מדוע חוגגים שמונה ימים, שהרי הנס נמשך רק שבעה ימים, כי ליום הראשון בכל מקרה היה מספיק שמן?

The Beit Yosef presents an interesting quandary for us, as to why we celebrated this holiday for eight days. When the nature of the holiday seems to logically suggest that the miracle of the lights was only seven days long. After all, they had oil for the first day! There was no miracle there on that day. Our master asks us, so why do we celebrate eight days?

One of the thoughts in this line of thinking also suggests that the reason the holiday is actually eight days was because the Hasmoneans who rededicated the Temple in the days of the Chanukah story were not sure of the actual day of the Rosh Chodesh – the new moon, so they instead celebrated eight days to compensate for their doubt. That the sages weren’t sure, so they just included the eighth day anyhow!

The followers of this school of thought contend that to call the day Zot Chanukah actually is to gloriously embrace the day – and declare to people that despite any confusion or doubt – that it is right that we acknowledge that “Zot Chanukah… this too, this is Chanukah!” It needs to be included as much as any of the other days.

Chanukah Olive Oil LampsHowever, most of our rabbis and scholars would reject this latter explanation by the Beit Yosef. Instead they would point plainly to the name of this day to declare there is no doubt or confusion, they say we are sure about this day, because “Zot Chanukah… this too, this is Chanukah!”

Though the eighth day of Chunukah has already come – and the lights have already been lit the eve preceding this day – we still have a few more hours to extend this holiday joy. To show inclusiveness and to boldly broaden the reaches of our spirituality.

It is customary to light candles during the daytime as well! During the daytime we may light-up Chanukah lights in synagogues, in public spaces, and at gatherings held in honor of the festival. These lightings are done without recitation of the blessings as they do not constitute an observance of the mitzvah of kindling the Chanukah lights. But it is a great way to include and be included within the community.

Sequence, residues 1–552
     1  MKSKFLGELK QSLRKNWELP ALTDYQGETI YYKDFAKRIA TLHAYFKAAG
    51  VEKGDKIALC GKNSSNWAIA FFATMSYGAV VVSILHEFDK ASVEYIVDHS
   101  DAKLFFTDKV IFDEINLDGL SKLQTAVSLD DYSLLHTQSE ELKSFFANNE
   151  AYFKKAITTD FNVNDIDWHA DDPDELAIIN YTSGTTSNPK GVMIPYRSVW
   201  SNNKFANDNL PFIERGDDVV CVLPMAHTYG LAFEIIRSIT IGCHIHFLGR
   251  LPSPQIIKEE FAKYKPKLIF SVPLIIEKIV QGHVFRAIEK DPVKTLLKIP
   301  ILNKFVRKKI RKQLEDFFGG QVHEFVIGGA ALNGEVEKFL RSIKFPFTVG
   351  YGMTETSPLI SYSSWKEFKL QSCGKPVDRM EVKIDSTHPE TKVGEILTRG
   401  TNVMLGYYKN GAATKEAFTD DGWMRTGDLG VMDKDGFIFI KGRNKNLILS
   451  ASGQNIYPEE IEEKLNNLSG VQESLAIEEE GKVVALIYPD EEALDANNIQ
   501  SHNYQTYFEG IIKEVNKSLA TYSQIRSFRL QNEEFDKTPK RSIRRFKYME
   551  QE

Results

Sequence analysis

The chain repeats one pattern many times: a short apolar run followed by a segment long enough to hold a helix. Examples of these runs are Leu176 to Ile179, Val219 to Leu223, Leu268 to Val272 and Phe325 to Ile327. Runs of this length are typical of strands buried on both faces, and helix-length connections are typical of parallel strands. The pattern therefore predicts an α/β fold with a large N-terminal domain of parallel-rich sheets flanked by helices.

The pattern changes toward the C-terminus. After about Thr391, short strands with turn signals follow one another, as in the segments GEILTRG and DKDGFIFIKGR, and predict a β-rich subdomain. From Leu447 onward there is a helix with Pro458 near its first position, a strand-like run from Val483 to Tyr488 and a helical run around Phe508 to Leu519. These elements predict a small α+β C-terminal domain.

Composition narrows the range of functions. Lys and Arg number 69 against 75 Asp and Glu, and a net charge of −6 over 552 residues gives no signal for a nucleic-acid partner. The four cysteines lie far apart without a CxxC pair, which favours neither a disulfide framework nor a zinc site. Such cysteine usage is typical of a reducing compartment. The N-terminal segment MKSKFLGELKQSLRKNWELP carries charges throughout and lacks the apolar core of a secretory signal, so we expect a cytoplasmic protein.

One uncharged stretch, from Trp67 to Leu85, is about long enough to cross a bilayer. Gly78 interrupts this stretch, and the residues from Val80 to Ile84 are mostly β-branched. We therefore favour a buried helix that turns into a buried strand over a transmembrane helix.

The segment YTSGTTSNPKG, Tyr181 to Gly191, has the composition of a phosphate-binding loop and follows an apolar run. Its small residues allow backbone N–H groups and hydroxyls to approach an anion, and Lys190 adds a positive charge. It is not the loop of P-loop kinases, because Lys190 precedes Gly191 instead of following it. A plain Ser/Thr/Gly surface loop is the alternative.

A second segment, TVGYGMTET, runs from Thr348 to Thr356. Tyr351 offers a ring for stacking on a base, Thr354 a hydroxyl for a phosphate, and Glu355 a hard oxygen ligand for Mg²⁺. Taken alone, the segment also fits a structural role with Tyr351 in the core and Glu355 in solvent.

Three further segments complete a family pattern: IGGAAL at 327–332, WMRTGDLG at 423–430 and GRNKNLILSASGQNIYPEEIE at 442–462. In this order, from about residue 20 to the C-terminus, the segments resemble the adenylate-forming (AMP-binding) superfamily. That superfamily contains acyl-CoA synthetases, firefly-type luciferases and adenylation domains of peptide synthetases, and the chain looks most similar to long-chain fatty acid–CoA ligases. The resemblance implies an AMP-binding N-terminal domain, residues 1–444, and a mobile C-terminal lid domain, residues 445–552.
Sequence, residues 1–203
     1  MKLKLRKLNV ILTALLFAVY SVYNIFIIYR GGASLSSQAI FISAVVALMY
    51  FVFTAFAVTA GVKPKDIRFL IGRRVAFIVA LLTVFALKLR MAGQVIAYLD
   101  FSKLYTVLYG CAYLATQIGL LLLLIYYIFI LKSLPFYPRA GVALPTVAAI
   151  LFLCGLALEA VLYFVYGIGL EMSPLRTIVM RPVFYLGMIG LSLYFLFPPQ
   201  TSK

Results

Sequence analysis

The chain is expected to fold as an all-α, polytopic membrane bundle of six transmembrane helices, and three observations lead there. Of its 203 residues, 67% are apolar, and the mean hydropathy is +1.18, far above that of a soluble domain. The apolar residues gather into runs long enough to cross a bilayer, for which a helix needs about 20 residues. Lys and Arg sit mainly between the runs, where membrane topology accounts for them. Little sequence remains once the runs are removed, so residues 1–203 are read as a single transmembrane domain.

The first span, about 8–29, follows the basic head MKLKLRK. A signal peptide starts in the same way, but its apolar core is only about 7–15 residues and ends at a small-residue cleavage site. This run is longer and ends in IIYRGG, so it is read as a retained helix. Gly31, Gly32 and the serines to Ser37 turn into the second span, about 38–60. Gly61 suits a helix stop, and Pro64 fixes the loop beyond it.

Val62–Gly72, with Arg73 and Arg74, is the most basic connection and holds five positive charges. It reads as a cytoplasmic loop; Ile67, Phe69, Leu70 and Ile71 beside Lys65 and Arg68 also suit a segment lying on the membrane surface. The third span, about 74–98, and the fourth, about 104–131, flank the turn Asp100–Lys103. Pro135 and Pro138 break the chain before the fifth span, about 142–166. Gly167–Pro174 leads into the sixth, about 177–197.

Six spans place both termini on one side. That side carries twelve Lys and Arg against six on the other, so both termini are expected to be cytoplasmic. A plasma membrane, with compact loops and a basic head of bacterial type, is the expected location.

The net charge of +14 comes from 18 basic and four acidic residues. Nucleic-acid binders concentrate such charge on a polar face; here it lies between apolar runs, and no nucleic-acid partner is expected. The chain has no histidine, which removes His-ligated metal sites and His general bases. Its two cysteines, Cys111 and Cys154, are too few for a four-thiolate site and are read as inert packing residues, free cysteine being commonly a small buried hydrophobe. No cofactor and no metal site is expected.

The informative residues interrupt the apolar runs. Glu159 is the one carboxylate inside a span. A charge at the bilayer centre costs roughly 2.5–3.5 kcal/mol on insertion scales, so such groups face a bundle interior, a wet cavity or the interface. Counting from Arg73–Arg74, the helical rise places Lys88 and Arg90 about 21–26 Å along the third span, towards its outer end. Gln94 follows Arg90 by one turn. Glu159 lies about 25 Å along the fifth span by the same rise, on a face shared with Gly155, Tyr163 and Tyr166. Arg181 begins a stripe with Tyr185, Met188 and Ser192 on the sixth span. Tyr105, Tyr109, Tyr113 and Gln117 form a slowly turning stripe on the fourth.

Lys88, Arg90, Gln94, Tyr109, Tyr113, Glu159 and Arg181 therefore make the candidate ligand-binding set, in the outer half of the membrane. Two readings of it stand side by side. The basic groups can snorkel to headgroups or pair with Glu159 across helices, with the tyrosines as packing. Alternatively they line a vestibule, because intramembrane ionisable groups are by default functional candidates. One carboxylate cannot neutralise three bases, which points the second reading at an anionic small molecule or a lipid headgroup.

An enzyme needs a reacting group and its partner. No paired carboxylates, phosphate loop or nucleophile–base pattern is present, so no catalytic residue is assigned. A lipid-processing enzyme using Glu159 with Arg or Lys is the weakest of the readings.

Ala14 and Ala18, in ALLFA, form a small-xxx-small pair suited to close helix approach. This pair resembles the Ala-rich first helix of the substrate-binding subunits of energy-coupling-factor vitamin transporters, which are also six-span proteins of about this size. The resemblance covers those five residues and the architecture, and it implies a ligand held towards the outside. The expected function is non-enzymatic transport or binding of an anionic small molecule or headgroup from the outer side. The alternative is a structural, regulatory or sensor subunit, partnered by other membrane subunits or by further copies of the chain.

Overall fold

Though Chanukah is the not a major holiday to the Jewish people, merely a minor festival, this holiday has taken a prominent role in our society during this season. As the secular new year comes and as popular culture celebrates their celebration of Christmas, Jews have also been called to the forefront and to deliver a spirit of joy during this dark and dreary season.

For this reason the Lubavitcher Rebbe most infamously made the lighting of large public menorahs for the public a holiday staple in America and worldwide. In every major city people can find a giant menorah erected by Chabad. This has become a custom that almost all movements and communities have also come to embrace.

So as this eighth day of Chanukah is upon us, I call us all to embrace this day with full joy. If we got some extra oil or candles, grab them and set them ablaze just one more time during the daylight. Light the eight lamps to declare, “Zot Chanukah… this too, this is Chanukah!”

I also challenge us to use these last hours of the day to reach out to others, those who do not have this sense of joy. Who do not feel they have a place in this season, nor anyone there for them. I challenge us to embrace them and assuredly find a way to include them in our joy. And to take the time to show them these lights and say to them, “Zot Chanukah… this, this is Chanukah!”